Book Review: Kavita Kane’s Ahalya’s Awakening
May 15, 2020
Before I write anything about the book, I must talk about the author. I have read every book of Kavita Kane, the first one being picked because it was an interpretation of a female mythological character. The beauty of mythology is that it can interpreted the way you are, what you value the most and what you stand up for. I have always felt that women in ancient India were never the way they are now. I have found Indian mythology to be patriarchal. The mythological heroes have always been shown as pious, infallible and responsible. Their mistakes, if any, have been repressed most times under the pretext of dharma. Even while growing up, I waited to hear stories about mythological women. I wanted to know more about the passing-by-supporting-roles. As I grew up, I understood that most mythological stories were written in a manner to portray what the society wanted us to believe or follow. Women were expected to follow footsteps of a male, be docile, inert and this is what the stories told us also. And they also ensured that topics of sex and extreme beauty was made taboo, hence the most beautiful characters were made to be called consorts and apsaras (never wives). And this is where Kavita Kane steps in, with her beautifully woven interpretations of the very same women who have been sidelined. They have been made the protagonists and what we then read is their perspective of everything we had read of earlier – whether it is the Mahabharata, the Ramayana or the stories/events before and after/beyond that. It’s then we know that these women’s choices were not driven by a man, but by their beauty, boldness, wrongness, ego, matriarchy, love, sensuality, sexuality. These choices were not correct all the time, thus leading to their fallout and realisations. In simple words, they were as human or godly as any of the male mythological characters but not insignificant in any way.
Kavita Kane has the tactfulness, the choice of words and boldness to portray all the above just perfectly. You will get transported with the protagonist and live her life. You will feel her anguish, her ability to love and hate equally, her joys, her innocence and her madness. You will be able to put yourself in her shoes many times and you will say to yourself, ‘yes, this has been me.’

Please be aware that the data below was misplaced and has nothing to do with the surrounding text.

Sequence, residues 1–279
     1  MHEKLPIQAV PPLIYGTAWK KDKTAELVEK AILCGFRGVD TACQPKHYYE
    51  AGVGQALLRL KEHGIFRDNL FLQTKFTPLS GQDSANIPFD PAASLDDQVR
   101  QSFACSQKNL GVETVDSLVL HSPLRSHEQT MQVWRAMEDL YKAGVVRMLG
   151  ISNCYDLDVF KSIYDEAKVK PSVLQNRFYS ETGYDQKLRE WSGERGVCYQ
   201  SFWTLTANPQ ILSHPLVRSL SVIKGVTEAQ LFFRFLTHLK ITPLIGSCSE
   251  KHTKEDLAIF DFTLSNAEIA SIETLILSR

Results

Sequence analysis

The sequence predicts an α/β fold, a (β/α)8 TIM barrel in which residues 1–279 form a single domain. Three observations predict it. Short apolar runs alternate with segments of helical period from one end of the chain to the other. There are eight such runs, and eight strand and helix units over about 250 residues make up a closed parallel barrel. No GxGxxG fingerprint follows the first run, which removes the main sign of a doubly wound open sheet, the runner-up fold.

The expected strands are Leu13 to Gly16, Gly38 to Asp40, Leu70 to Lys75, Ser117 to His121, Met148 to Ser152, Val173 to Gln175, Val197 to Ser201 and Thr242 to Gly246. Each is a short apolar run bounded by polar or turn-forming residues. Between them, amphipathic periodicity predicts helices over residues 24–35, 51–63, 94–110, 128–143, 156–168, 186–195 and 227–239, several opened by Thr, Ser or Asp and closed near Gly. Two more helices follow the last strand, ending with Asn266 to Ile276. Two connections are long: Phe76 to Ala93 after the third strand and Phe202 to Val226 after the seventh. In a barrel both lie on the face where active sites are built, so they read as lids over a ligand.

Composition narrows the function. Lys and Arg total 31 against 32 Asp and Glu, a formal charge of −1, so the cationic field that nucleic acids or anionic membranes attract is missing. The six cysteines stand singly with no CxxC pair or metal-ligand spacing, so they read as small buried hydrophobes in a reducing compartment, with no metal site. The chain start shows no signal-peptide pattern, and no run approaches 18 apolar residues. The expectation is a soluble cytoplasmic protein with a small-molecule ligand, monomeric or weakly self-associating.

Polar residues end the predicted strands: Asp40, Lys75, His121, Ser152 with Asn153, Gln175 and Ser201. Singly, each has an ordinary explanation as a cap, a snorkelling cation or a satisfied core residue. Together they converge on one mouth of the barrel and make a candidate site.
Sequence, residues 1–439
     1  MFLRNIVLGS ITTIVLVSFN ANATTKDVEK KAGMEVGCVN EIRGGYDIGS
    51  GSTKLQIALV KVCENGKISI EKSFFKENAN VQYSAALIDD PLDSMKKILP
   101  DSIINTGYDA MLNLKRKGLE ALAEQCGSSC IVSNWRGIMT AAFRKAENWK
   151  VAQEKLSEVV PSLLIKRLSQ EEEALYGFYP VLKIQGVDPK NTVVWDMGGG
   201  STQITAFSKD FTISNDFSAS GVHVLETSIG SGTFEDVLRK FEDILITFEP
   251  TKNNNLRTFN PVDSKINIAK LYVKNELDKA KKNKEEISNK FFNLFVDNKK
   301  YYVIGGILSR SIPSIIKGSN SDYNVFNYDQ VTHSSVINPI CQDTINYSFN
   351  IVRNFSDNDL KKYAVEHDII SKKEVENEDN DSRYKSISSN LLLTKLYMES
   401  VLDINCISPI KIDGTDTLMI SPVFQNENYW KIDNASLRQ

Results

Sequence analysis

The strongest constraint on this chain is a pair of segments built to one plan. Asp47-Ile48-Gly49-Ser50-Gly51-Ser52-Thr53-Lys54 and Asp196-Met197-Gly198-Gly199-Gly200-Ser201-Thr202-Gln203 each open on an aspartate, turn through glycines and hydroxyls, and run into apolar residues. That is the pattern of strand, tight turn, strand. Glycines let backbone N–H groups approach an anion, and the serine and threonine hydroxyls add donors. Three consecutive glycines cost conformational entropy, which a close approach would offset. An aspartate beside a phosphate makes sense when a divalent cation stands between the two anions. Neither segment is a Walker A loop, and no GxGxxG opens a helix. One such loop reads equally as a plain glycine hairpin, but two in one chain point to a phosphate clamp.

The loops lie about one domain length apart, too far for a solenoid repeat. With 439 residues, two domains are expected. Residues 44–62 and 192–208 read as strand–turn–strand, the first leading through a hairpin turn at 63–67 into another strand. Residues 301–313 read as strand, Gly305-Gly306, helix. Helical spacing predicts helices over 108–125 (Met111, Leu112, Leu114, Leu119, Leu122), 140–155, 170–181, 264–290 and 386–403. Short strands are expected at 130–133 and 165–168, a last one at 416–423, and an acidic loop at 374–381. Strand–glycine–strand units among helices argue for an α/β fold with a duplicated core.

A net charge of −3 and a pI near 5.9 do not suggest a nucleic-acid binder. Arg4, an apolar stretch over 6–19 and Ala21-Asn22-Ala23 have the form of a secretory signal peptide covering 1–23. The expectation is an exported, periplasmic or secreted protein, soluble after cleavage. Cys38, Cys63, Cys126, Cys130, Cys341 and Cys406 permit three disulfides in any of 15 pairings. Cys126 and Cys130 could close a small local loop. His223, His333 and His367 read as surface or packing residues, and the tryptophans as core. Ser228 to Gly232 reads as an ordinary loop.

Coming to the book, I had listened to the story of Ahalya who had been turned into stone by Rishi Gautam, her husband. Her curse was finally lifted by Rama during his exile. Yes, this is all I knew. But now I know a lot more.
Ahalya: created by Brahma; married to one of the greatest rishis of all time; desired by the king of gods, Indra. Ahalya, who was driven by just one need her whole life, wanting to be a rishika, the learned one. Curious and intelligent, she is in pursuit of it, and during the process falls in love with Rishi Gautam, one the most revered maharishis, and gets married to him as well. Her story should have ended perfectly, but she yearns for love, self respect, and of course enlightenment. She becomes aware of her sensuality, and asks for proclamation of the same. She turns more self aware, and this leads to one act, one step, one decision, which changes everything for her.
We are the product of our choices. Even today, making a choice has never been easy for a woman. She remains torn between her dreams, her dampatyam, her needs, and she ends up living the repercussions of her choices. Sometimes, these repercussions are her own guilt, society’s remarks, loneliness and self reflection. And sometimes it is joy, lightheadedness, free-thinking, self love and self-proclamation. To say these are mutually exclusive is wrong, I feel. Women have always been this: whether mythologically or modern.
A highly recommended read.